Four high-level officials of a South Korean umbrella labor union were arrested Tuesday, in the latest development in a widening investigation into suspected North Korean espionage.
In a statement Tuesday, investigative and intelligence authorities said they found “substantial evidence” to suspect the labor union officials of working with North Korean spies.
In January, police and the intelligence service together searched the homes and offices of the four labor union officials and found more than 100 documents suggesting they were communicating with North Korea and aiding its spying activities, the statement read.
The latest suspicions brought under scrutiny the labor union’s history of protesting against South Korea’s joint military exercises with the US and the US forces being stationed here.
Speaking to reporters Tuesday, the ruling party's spokesperson Rep. Kim Mi-ae said that the labor union’s anti-US strikes “do nothing to improve labor initiatives.”
She added that the arrest warrant being issued for the labor union officials signifies the “court acknowledging the gravity of the suspected espionage crimes.”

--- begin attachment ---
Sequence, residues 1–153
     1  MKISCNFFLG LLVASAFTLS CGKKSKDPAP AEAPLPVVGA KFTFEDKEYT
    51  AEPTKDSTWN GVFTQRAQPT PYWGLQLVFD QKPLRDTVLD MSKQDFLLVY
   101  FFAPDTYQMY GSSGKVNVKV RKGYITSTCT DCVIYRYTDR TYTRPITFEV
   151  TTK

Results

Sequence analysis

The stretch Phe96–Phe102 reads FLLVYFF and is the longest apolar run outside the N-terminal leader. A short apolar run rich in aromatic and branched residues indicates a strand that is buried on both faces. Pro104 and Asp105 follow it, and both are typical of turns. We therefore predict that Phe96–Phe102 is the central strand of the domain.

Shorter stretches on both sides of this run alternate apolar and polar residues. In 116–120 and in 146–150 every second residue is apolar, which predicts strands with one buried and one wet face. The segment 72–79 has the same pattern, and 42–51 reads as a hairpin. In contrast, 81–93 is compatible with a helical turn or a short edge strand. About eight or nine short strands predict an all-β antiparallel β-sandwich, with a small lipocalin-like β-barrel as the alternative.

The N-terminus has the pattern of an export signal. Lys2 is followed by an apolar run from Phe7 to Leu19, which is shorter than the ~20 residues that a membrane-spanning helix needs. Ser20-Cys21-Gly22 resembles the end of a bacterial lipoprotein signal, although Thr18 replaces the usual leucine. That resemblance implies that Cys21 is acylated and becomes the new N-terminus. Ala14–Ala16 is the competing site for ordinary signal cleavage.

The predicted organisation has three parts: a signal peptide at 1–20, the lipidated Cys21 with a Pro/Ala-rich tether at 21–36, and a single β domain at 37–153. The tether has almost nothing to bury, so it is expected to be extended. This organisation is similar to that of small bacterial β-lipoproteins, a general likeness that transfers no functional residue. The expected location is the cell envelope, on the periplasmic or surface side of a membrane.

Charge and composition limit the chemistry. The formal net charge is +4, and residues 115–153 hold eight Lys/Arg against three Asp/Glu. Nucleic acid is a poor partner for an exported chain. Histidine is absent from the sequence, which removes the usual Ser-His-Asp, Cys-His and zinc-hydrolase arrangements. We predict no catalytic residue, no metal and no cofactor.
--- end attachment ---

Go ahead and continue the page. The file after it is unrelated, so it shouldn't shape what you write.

Rep. Tae Yong-ho, who sits on the ruling party’s supreme council, worried that the labor union’s anti-US forces rallies could potentially jeopardize South Korea’s alliance with the US.
“Imagine if these images, with no context, were to be presented to an unknowing third party as if they represent the South Korean majority,” he said in a press conference last month.
So far the labor union has denied involvement in North Korean espionage, with its spokesperson telling The Korea Herald that the investigations appeared to be “an attempt to paint the union as pro-communist.”
“It’s an old-time ploy,” he said.
The labor union is just one among several South Korean groups under investigation in the latest spying scandal.
Two weeks ago, four members of a "Korea unification group" were indicted for being in a North Korean spy ring. According to Seoul prosecutors, the group’s four members had regularly met with North Korean agents in Southeast Asian countries like Cambodia and Vietnam over the years, colluding with them on spying and other operations.
The head of the left-leaning Progressive Party’s committee on Jeju Island, Park Hyun-woo, was arrested last month after allegedly praising the Kim Jong-un regime.
President Yoon Suk Yeol has on multiple occasions expressed that he considers the emerging suspicions of North Korean espionage-related crimes to be serious.
During his first dinner with the new ruling party leaders elected earlier this month, the president “showed deep concerns” over a series of revelations in the suspected spying scandal, party sources said.